The land of the Etruscans – from Rome to Florence


From OSTIA ANTICA (See Route VII) skirting Fiumicino Airport, we arrive at the Autostrada which runs parallel to the Via Aurelia from Rome to Civitavecchia, to CERVETERI.

CERVETERI. This was Chirsa to the Etruscans and Caere to the Romans – It stands Etruscans and Caere to the Romans- It stands on a tuff plateau crowned by clumps of trees.

The Etruscan Necropolis is in a charming setting of wild olive, juniper and oleander, waving in the breezes off nearby sea.

On those beaches the Etruscans landed, here they buried their dead in rich dwellings for eternity, surrounded by the beauty that might promise them a certain ease in the other world, being convinced that the spirits of the dead continued to live in their tombs- They were not aware, as they carried out these innumerable acts of family piety, that they were building an impressive monument to their civilization for posterity.

TARQUINIA, This picturesque town mingles elements of many periods and cultures. Legend held that it was founded in the by Tarchum, brother of Tyrrhenus and son of Atys, who landed here from the eastern Mediterranean. The warlike past of the medieval town (which was called Corneto) greets the visitor in the form of many towers: the landscape is rocky, with scattered olive groves, cypresses and the sea in the background. There are still 25 medieval towers standing, and some magnificent churches the Romanesque Santa Maria di Castello, and the Gothic-Romanesque San Pancrazio and San Francisco.

From here to Grosseto, over a plain reclaimed in the present century, is a matter of 50 km. (33 3/4 mi.).

Grosseto – Photo © jack80
Grosseto – Photo © jack80

GROSSETO was not an Etruscan city. It was founded in the Middle Ages, and its Cathedral (1294) is of that period, with its fine portal. In the Diocesan Museum there is a rare Madonna by Sassetta. The church of San Francisco, with a painted cross by Duccio di Buoninsegna, should be visited.

We leave Grosseto on the thirteenth day of our journey for VETULONIA (21 kms. – 13 mi.) on a hight hill with splendid views. Vetulonia was an important Etruscan city, from which the Romans took what was to become the symbol of their State, the fasces of the lictors.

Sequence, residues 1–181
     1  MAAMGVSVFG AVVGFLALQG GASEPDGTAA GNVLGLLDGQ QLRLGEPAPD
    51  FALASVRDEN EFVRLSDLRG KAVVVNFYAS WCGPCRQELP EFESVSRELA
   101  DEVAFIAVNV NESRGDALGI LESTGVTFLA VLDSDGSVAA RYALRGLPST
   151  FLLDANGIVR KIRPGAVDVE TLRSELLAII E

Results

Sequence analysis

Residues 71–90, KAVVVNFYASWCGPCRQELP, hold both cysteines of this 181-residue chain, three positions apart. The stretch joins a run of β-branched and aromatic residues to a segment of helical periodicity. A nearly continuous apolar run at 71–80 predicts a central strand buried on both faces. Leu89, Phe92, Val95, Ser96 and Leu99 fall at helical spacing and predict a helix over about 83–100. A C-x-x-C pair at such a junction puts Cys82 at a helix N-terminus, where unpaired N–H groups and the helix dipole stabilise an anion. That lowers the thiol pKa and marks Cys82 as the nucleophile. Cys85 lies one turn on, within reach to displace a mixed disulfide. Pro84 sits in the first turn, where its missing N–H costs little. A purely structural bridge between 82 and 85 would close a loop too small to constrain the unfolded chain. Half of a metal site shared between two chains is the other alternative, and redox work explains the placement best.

The town has a fine Parish Church and the Necropolis is 500 yards from the town itself. This Necropolis was discovered after long research in 1888.

The road now winds down to Gavorrano and, 38 km. 23 3/4 mi,) from Vetulonia, to MASSA MARITTIMA.

Massa Marittima, an ancient city with a fine Cathedral in Pisa-Lucca style on a stepped plinth, with remarkable Romanesque, which contains a “Maesta” by Ambrogio Lorenzetti, and Palazzo Pretorio are also worth a visit. At 32 km. (20 mi.) from Massa Marittima is the Cistercian Gothic Abbey of San Galgano, destroyed in the 18th century and after 66 km. (42 mi.).

We then reach Siena, where we spend the night and visit the next day.

But after our second night at Siena, we must set off on the last days of our journey, to two other enchanting medieval cities, Volterra and San Gimignano. Leaving Siena by the Via Cassia one arrives at Cone Val d’Elsa a medieval city perched on two hills, with fine 13th century churches (Sant’Agostino, San Pietro), a fine Bishop’s Palace and mighty fortifications. Leaving by the impressive Purist Volterrana, after 27 km. (17 mi.) of beautiful scenery we arrive at VOLTERRA.

Volterra, a proud city on the crest of hills made steep by landslips. This was one of the most powerful of the Etruscan Lucomoniae known as Felathri: it became Roman in the 3rd century BC. We go up under the Fortress along Viale dei Ponti, which gives a superb view over the valley, enter through the castle keep at Porta all’Arco, of the Etruscan period making at once for the Cathedral, a severe Romanesque building with a majestic interior, the octagonal Baptistery and the Bishop’s Palace and adjoining Diocesan Museum. From here, it is only a short walk to Piazza dei Priori, yet another picturesque medieval square, with the tall Palazzo Pretoria and the austere Palazzo dei Priori, of the 13th century, with a slim tower and facade decorated with coats-of-arms. 3rd century BC. The line of the Etruscan Walls follows the contour of the hills and dips into the valley only to include the water sources-essential during the long sieges of ancient times. Inside there is an interesting Picture Gallery with works by Signorelli, Rosso Fiorentino, Ghirlandaio etc. In Via Don Minzoni there is an important Etruscan Museum (The “Guarnacci”) with fine cinerary urns. One might lunch at Volterra, before turning bat for 16 km. (10 mi.) and branching off left for a further 13 m. (8 mi.) for the last stop on our journey SAN GIMIGNANO.

San Gimignano, perched high on a hill, with a forest of fantastic towers between with run medieval streets; there are churches fully frescoed-the town is a work of art in itself. It has many fine palaces-Palazzo del Podesta, Palazzo Pratellesi the Towers of the Ardinghelli, Palazzo del Popolo; there is an unbelievable wealth of art-frescoes by Ghirlandaio, Benozzo Gozzoli, Taddeo di Bartolo, Barna da Siena; sculpture by Jacopo delta Quercia, Benedetto da Maiano etc. all in the Romanesque Collegiate Church. But perhaps the greatest delight is just to wander through these medieval streets, in the shadow of the towers, a sort of recapitulation of our journey which is ending.

From here it is 13 km (8 mi.) to Certaldo, Boccaccio’s birthplace and San Casciano in Val di Pose, on the way back to Florence through beautiful country (56 km. – 35 mi).

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